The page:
November 17, 2020
Re: Appeal of Final Local Determination
Business, Professional and Occupational License Tax
This final state determination is issued upon the application for correction filed by you on behalf of ***** (the “Taxpayer”), with the Department of Taxation. You appeal assessments of the Business, Professional and Occupational License (BPOL) tax issued to the Taxpayer by ***** (the “County”) for the 2015 through 2019 tax years.
The BPOL tax is imposed and administered by local officials. Virginia Code § 58.1-3703.1 authorizes the Department to issue determinations on taxpayer appeals of BPOL tax assessments. On appeal, a BPOL tax assessment is deemed prima facie correct, i.e., the local assessment will stand unless the taxpayer proves that it is incorrect.
The following determination is based on the facts presented to the Department summarized below. The Code of Virginia sections cited are available on-line at www.tax.virginia.gov in the Laws, Rules and Decisions section of the Department’s web site.
The Taxpayer had a definite place of business in the County and sitused its gross receipts between its definite place of business in the County and a larger facility located in ***** (Country A) on the basis of payroll apportionment. The County audited the Taxpayer and denied the exclusions the Taxpayer claimed under the County’s BPOL ordinances for gross receipts derived from the design, development or other creation of computer software for lease, sale or license. As a result, assessments were issued for the 2015 through 2019 tax years for additional BPOL tax due.
The Taxpayer appealed to the County, contending that 1) it developed software products; 2) the products were developed from a definite place of business in the County; and 3) the products were licensed, leased or sold by the Taxpayer. In its final determination, the County concluded that the Taxpayer was performing services and thus was not eligible for the exclusion.
The Taxpayer appeals to the Department, contending that it was eligible for the exclusion because it developed and licensed software and development occurred in the County.
Localities may exclude from the BPOL tax those gross receipts that are attributable to the design, development or other creation of computer software for lease, sale or license. See Virginia Code § 58.1-3703 B. The County’s BPOL ordinances provide for such an exclusion, but only to the extent that the gross receipts are attributed to computer software design, development or creation activities actually performed at a definite place of business in the County.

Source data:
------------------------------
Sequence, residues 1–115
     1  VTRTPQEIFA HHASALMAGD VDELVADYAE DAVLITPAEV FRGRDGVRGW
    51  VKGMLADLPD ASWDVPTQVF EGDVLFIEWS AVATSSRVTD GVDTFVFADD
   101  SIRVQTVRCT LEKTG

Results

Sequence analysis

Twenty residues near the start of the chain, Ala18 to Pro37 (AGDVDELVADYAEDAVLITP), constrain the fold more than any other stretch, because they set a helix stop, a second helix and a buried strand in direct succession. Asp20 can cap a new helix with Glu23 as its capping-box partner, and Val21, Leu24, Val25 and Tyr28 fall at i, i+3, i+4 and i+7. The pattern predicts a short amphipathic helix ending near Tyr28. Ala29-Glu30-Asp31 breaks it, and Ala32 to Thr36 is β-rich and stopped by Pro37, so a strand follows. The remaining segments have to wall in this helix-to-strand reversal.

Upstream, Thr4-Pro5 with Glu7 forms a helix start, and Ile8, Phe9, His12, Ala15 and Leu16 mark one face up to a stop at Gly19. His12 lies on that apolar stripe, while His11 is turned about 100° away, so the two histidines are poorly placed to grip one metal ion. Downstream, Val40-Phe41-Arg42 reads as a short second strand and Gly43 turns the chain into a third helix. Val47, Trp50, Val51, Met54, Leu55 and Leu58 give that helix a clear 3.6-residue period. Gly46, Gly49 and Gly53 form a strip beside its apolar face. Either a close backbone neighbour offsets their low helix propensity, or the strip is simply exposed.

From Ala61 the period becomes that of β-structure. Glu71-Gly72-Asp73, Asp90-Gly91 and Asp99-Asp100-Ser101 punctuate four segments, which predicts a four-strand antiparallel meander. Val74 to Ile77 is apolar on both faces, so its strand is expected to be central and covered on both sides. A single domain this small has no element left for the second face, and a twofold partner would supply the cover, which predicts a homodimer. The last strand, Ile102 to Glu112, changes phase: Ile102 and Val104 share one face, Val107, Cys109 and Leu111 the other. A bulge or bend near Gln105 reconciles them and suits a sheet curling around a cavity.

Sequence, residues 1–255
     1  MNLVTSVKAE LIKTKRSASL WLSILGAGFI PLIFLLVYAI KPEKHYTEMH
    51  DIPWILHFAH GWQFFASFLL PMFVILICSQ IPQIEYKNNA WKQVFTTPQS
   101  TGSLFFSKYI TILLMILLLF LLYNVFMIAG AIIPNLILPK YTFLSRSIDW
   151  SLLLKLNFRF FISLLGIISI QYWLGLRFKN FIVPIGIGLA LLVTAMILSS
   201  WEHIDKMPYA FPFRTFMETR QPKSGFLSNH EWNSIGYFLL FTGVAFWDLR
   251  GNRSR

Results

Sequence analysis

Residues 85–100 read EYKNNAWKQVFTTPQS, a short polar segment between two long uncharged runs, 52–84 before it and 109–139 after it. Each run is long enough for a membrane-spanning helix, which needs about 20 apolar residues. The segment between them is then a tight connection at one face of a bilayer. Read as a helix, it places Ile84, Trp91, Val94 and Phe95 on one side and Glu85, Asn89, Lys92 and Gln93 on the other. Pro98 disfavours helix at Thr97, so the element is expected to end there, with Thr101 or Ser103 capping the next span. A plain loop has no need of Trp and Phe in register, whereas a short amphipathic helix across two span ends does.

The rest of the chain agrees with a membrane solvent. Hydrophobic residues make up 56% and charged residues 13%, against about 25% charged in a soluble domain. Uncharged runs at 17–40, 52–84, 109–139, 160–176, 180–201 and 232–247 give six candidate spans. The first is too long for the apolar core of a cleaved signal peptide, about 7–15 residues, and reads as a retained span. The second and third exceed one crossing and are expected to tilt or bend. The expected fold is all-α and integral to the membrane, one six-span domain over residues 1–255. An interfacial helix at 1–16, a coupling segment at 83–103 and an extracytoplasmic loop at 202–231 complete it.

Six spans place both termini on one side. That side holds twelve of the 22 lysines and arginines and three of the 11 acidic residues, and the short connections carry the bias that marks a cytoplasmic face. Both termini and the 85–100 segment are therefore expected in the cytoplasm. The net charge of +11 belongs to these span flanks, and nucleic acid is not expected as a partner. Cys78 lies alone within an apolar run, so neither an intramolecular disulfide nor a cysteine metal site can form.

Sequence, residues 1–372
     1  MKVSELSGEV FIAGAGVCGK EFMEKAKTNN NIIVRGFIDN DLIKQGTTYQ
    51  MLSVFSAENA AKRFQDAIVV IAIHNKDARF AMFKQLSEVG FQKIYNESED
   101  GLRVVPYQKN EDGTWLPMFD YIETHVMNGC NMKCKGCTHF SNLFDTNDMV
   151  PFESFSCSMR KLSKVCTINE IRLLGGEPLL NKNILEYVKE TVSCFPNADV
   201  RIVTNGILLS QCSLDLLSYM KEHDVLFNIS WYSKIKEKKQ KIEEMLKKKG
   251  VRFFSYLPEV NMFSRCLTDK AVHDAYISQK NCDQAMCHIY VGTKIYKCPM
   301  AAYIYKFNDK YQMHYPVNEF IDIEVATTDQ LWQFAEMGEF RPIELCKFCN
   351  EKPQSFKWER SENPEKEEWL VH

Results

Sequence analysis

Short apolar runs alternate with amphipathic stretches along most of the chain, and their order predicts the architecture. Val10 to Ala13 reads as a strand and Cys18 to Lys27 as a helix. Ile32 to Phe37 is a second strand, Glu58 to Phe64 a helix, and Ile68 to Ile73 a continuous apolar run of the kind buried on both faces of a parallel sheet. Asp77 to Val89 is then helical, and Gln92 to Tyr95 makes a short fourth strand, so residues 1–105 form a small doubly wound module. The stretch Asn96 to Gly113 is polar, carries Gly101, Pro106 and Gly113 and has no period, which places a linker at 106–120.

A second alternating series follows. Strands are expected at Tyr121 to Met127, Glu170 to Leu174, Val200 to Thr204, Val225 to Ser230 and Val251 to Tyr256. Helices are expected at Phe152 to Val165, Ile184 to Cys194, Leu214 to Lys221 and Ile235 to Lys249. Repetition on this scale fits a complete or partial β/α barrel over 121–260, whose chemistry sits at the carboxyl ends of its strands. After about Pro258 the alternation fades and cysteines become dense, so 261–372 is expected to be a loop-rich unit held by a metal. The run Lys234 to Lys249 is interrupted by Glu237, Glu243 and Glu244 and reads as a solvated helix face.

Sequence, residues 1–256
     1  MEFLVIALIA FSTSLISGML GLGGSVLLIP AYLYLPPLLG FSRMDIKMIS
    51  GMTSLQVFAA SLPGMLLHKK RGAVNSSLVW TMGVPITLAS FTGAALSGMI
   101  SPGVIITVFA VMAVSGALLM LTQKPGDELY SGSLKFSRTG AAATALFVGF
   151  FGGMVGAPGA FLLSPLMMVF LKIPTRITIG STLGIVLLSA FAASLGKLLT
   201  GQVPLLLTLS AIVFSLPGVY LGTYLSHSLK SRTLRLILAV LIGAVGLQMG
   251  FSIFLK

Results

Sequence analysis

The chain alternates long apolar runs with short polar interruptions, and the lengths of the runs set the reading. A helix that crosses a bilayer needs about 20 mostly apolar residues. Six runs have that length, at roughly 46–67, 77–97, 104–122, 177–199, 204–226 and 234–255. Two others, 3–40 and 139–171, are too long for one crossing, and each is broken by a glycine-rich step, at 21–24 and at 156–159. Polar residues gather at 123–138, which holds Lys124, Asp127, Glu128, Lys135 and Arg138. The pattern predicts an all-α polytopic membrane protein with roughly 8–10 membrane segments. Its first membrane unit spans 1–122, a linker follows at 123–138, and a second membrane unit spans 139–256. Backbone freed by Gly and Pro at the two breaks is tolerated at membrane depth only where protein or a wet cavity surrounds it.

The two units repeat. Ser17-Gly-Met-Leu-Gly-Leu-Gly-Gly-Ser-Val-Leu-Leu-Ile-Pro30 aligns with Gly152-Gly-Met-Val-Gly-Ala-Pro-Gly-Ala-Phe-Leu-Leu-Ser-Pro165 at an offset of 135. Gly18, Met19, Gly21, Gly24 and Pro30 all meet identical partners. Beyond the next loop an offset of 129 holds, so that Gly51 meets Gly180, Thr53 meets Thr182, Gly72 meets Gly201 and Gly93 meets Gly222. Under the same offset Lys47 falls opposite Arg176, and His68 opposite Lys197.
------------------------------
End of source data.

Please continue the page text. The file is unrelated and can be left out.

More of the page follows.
The County determined that the Taxpayer was not eligible for the exclusion because the Taxpayer was providing services rather than leasing, selling or licensing computer software. In its final determination, the County also stated that to the extent the Taxpayer did develop computer software, such activities were performed by employees working at the Taxpayer’s other definite place of business in Country A, not in the County. In addition, the County stated that the Taxpayer did not provide documentation such as copyrights, patents or trademarks to evidence that they had specific software products developed in the County.
In its appeal to the Department, the Taxpayer included some catalog entries of software products that were registered with the United States Copyright Office. The Taxpayer also included a copy of a contract in which it appears that a customer agreed to pay a license fee for use of a software product developed by the Taxpayer. In addition, it is clear from the Taxpayer’s website that the Taxpayer offers a suite of software products that have already been developed. The terms under which customers may obtain the use of such products are unclear. The Department is aware, however, that access to a software product is frequently obtained by paying some amount in return for a license to use the product.
Under the County’s ordinance, a taxpayer must do more than demonstrate that it had gross receipts attributable to the design, development or other creation of computer software for lease, sale or license. The ordinance also requires that the gross receipts be attributable to such activities actually performed at a definite place of business in the County. In this case, it is unclear what extent any such activities occurred at the Taxpayer’s definite place of business in the County. Most of the Taxpayer’s employees worked out of an office in Country A. The Taxpayer claims that two senior staff in its County office still performed software development activities. Even if that were true, there is no way for the Department to determine based on the information provided to what extent, if at all, gross receipts should be attributed to the development activities of those employees. It is not sufficient that merely some development activities occurred at the definite place of business in the County. The Taxpayer bears the burden of quantifying what specific part of those gross receipts were directly attributable to development activities that occurred at its definite place of business in the County.
Although there is some evidence indicating the Taxpayer likely had gross receipts attributable to the design, development or other creation of computer software for lease, sale or license, the Taxpayer has not provided sufficient information for the Department to determine to what extent, if at all, any such gross receipts were attributable to such activities actually performed at the Taxpayer’s office in the County. Therefore, the Taxpayer has not met its burden of proving to what extent, if at all, it qualified for the exclusion. Accordingly, the County’s assessments are upheld.
If you have any questions regarding this determination, you may contact ***** in the Office of Tax Policy, Appeals and Rulings, at *****.
Craig M. Burns